Cap-Quotes: The Afflictions of Christ in the Life of Tyndale
I am currently reading through John Piper’s biographical sketches on William Tyndale, John Paton, and Adoniram Judson, from his book, Filling Up the Afflictions of Christ. Here are a few salient quotes from the Introduction and the chapter on William Tyndale. Good thoughts for keeping our afflictions in Christ-centered perspective:
From the Introduction
God’s design for the evangelization of the world and the consummation of his purposes includes the suffering of his ministers and missionaries. . . God designs that the sufferings of his ambassadors is one essential means in the triumphant spread of the Good News among all the peoples of the world. . . . suffering is a result of faithful obedience in spreading the gospel (14).
But this voluntary suffering and death to save others is not only the content but it is also the method of our mission. . . . As Joseph Tson puts it in his own case: “I am an extension of Jesus Christ. When I was beaten in Romania, He suffered in my body. It is not my suffering: I only had the honor to share His sufferings” . . . Christ’s suffering is for our propitiation; our suffering is for propagation (15).
So the afflictions of Christ are “lacking” in the sense that they are not seen and known and loved among the nations. They must be carried by missionaries. And those missionaries “complete” what is lacking in the afflictions of Christ by extending them to others. (22).
God intends for the afflictions of Christ to be presented to the world through the afflictions of his people. God really means for the body of Christ, the church, to experience some of the suffering he experienced so that when we proclaim the cross as the way to life, people will see the marks of the cross in us and feel the love of the cross from us. Our calling is to make the afflictions of Christ real for people by the afflictions we experience in bringing them the message of salvation (24).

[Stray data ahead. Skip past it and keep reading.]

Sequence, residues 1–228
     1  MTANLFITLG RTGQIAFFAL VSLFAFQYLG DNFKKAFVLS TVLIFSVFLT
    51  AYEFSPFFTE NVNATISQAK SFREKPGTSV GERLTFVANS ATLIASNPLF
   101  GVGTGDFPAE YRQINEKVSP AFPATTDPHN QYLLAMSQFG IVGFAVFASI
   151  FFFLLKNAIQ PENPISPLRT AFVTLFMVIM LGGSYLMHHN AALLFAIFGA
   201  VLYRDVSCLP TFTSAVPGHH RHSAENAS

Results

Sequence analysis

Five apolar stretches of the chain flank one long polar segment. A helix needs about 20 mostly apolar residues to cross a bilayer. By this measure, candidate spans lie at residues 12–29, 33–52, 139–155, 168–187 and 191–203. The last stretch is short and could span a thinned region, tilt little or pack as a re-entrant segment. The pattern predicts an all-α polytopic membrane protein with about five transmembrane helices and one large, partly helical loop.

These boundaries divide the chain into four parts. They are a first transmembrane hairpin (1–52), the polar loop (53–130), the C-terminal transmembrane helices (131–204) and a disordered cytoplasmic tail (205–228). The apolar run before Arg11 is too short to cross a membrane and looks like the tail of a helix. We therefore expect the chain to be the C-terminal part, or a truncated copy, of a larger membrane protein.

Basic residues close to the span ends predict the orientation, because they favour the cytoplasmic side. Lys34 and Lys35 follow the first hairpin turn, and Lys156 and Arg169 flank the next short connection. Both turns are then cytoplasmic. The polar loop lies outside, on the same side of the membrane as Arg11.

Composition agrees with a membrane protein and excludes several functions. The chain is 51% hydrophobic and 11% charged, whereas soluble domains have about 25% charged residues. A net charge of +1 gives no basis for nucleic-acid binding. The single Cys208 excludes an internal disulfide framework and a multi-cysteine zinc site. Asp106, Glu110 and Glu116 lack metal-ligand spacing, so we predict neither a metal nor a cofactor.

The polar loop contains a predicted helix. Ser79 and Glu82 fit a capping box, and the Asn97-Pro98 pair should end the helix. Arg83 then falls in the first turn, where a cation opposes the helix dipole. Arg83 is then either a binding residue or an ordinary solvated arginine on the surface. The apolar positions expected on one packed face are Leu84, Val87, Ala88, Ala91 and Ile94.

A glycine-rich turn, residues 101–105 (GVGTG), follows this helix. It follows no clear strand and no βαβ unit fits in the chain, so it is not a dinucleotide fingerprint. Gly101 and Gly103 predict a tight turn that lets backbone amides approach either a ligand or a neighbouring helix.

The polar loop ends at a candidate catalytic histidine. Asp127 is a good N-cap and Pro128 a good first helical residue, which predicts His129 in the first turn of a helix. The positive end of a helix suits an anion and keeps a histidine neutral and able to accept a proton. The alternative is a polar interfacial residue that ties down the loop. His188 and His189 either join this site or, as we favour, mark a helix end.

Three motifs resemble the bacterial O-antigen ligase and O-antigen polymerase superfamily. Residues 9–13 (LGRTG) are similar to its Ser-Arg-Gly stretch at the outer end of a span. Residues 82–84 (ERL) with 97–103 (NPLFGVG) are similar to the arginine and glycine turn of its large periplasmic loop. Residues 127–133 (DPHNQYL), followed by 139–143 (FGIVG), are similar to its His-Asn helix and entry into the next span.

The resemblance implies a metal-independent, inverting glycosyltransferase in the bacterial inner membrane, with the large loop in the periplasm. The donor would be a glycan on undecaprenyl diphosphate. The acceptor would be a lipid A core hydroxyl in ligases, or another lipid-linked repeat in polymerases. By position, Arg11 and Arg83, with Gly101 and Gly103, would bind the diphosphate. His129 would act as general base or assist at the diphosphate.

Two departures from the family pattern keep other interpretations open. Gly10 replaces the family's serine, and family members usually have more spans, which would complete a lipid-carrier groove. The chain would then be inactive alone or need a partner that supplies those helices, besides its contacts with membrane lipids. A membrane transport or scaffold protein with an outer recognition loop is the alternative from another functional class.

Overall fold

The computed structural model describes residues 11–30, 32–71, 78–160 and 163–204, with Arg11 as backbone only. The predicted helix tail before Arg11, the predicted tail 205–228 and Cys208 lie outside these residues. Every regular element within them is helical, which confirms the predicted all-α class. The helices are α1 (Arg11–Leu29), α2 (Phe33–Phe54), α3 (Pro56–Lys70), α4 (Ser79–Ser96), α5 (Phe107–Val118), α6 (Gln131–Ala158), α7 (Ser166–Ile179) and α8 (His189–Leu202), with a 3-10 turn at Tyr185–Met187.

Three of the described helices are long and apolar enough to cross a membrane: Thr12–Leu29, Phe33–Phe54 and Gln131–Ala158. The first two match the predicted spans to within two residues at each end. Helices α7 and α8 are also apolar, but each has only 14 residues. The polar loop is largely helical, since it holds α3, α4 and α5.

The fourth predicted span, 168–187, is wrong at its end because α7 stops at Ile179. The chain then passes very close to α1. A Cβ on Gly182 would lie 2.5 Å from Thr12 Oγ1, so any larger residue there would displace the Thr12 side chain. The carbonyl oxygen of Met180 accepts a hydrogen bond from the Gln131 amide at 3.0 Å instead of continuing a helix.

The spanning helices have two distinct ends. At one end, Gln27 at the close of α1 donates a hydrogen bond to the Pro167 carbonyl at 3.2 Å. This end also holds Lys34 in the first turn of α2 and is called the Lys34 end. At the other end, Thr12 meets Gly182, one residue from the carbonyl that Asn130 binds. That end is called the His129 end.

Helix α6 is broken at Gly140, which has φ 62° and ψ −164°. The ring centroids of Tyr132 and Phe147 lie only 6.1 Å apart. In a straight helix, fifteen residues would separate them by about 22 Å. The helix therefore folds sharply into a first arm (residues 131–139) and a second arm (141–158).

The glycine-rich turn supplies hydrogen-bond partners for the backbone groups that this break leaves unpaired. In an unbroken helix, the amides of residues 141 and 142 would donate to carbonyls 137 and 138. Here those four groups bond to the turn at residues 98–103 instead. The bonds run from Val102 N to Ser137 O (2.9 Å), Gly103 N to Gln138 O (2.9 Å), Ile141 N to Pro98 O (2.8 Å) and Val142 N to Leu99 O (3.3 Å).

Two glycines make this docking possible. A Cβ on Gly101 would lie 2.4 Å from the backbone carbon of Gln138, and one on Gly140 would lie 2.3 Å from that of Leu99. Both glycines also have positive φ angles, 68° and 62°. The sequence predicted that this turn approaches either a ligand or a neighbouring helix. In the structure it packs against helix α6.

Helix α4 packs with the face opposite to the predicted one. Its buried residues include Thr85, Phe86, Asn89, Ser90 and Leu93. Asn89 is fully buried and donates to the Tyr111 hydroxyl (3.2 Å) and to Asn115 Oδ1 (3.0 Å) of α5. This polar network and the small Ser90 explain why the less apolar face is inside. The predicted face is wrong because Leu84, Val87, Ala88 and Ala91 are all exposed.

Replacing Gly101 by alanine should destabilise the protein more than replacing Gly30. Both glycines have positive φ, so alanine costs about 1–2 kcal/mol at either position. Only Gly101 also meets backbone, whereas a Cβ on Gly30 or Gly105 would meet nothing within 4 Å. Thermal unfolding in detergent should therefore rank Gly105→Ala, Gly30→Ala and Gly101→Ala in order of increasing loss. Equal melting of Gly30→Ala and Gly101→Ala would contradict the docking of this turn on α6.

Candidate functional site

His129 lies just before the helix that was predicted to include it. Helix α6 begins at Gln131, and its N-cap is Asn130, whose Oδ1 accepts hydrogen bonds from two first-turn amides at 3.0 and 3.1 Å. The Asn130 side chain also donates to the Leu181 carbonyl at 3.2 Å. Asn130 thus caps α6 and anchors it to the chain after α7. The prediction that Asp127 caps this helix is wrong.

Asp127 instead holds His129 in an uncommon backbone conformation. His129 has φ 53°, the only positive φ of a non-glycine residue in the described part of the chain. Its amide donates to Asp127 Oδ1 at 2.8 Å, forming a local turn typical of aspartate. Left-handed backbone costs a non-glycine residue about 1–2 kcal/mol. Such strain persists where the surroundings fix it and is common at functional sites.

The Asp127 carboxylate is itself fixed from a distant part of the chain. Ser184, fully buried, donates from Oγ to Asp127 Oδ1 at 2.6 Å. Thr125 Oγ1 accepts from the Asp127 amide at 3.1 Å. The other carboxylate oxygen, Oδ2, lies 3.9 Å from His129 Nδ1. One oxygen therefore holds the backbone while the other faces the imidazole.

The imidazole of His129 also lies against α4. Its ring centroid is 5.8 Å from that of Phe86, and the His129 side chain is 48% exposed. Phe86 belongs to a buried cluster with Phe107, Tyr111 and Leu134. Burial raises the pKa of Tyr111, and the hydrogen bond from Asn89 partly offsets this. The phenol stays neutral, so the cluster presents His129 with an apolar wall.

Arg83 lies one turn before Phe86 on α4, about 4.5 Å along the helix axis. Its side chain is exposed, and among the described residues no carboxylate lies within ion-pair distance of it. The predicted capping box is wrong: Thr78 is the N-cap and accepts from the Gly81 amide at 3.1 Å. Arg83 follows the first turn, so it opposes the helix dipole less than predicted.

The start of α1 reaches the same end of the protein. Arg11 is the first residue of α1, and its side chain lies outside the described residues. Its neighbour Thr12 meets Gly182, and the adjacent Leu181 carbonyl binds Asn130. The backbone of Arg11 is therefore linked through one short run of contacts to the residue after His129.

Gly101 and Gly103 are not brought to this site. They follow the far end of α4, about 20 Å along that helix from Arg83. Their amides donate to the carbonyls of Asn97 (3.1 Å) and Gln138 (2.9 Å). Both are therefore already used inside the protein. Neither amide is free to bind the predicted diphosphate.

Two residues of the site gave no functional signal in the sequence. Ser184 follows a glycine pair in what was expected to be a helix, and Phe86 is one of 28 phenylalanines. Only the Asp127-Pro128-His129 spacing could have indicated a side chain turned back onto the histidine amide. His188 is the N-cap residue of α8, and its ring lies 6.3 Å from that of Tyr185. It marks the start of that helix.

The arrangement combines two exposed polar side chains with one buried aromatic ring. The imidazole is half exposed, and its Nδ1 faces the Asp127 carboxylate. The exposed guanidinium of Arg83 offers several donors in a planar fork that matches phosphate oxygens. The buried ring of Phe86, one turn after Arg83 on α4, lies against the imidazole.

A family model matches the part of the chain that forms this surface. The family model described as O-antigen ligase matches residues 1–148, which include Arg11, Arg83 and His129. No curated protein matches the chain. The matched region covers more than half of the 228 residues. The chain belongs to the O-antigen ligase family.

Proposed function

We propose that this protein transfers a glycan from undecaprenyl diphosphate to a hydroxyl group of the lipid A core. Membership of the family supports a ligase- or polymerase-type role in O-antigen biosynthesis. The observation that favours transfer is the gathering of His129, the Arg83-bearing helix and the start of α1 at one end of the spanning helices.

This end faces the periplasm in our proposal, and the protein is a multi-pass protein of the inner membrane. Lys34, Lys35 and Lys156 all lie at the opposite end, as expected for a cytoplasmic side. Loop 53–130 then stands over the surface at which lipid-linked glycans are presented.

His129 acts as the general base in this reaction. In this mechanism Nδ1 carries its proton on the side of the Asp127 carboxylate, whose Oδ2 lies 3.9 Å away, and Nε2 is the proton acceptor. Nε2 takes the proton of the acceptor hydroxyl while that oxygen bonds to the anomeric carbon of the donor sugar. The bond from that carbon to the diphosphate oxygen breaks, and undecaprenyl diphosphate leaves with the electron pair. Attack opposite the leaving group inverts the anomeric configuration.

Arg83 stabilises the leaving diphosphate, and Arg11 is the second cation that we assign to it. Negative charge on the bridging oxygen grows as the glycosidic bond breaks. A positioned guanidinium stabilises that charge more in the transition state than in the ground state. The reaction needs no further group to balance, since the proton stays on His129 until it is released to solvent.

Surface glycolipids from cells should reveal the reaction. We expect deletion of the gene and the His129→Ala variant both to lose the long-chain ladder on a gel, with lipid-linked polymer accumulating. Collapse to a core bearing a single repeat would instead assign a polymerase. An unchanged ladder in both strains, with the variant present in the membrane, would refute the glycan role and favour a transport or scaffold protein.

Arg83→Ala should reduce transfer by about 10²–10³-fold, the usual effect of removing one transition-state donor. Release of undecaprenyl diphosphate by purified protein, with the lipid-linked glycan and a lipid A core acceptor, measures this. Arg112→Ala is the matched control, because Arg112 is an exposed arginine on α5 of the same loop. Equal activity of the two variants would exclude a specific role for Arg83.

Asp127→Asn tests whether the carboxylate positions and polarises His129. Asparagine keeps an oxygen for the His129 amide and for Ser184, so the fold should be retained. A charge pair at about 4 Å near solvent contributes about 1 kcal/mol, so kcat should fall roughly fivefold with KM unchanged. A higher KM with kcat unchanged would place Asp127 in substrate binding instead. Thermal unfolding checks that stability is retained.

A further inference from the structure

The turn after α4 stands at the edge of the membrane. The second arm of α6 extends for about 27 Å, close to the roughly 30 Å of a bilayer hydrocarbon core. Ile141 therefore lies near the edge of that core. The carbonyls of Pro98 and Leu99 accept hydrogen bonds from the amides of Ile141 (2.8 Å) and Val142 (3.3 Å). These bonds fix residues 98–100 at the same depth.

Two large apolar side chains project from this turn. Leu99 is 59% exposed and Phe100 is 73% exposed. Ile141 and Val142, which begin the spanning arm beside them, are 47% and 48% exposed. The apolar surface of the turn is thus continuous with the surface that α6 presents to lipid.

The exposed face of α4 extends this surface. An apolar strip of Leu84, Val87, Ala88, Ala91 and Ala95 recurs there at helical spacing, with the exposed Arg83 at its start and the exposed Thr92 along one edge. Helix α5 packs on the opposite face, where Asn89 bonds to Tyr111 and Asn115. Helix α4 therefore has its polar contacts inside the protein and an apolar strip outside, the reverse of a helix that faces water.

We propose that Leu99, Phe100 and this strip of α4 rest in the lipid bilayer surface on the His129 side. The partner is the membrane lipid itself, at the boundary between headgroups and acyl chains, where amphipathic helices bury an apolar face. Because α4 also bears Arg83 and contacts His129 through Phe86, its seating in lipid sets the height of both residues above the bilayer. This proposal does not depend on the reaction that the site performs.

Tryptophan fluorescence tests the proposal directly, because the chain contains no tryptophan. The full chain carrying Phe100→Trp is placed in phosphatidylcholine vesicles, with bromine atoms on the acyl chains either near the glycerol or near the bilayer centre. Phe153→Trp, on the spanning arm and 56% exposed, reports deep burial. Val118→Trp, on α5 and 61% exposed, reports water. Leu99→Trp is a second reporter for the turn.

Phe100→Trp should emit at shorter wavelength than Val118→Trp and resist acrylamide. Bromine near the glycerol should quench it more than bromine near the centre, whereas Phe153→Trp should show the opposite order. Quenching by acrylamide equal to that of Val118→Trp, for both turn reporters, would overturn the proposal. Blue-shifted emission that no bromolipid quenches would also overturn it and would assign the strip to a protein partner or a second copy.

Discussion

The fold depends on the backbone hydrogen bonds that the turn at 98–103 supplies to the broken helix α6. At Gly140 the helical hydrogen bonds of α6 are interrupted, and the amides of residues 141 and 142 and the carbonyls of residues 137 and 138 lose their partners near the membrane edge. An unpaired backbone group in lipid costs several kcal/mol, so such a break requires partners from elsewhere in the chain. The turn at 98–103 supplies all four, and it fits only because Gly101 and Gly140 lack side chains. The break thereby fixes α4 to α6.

On William Tyndale
For a thousand years [before Tyndale], the only translation of the Greek and Hebrew Bible was the Latin Vulgate, and few people could understand it, even if they had access to it (31).
Nine-tenths of the Authorized Version’s New Testament is Tyndale’s. The same is true of the first half of the Old Testament (32).
. . . two ways that a pastor or any spiritual leader must die in order to bear fruit forGod (John 12:24; Romans 7:4). On the one hand, we must die to the notion that we do not have to think hard or work hard to achieve spiritual goals. On the other other hand, we must die to the notion that our thinking and our working is decisive in achieving spiritual goals (35).
You work. He give. If he withholds, all our working is in vain. But he ordains that we use our minds and that we work in achieving spiritual ends. . . . The key to spiritual achievement is to work hard, and to know and believe and be happy that God’s sovereign grace is the decisive cause of all the good that comes (36).
It is ironic and sad that today supposedly avant-garde Christian writers can strike this cool, evasive, imprecise, artistic, superficially reformist pose of Erasmus and call it “postmodern” and capture a generation of unwitting, historically naive people who don’t know they are being duped by the same old verbal tactics used by the elitist, humanist writers in past generations. We see them in the controversies between the slippery Arians and Athanasius, and we see them no in Tyndale’s day. It’s not postmodern. It’s pre-modern-because it’s perpetual (41).
Here is Tyndale’s definition of the “gospel” that rings with exuberant joy: “euangelion (that we call the gospel) is a Greek word and signifieth good, merry, glad and joyful tidings, that maketh a man’s heart glad and maeth him sing, dance, and leap for joy. . . . [This gospel is] all of Christ the right David, how that he hath fought with sin, with death, and the devil, and overcome them: whereby all men that were in bondage to sin, wounded with death, overcome of the devil are without their own merits or deservings loosed, justified, restored to life and saved, brought to liberty and reconciled unto the favor of God and set at one with him again: which tidings as many as believ laud, praise and thank God, are glad, sin and dance for joy” (42, note 41).
How should we use quotes like these? It was recently recommended to me to begin keeping a file of notes on subjects like “affliction” in order to regularly review them for setting your heart in a steadfastly Christ-centered direction. Ever considered doing something similar?
Get the book HERE.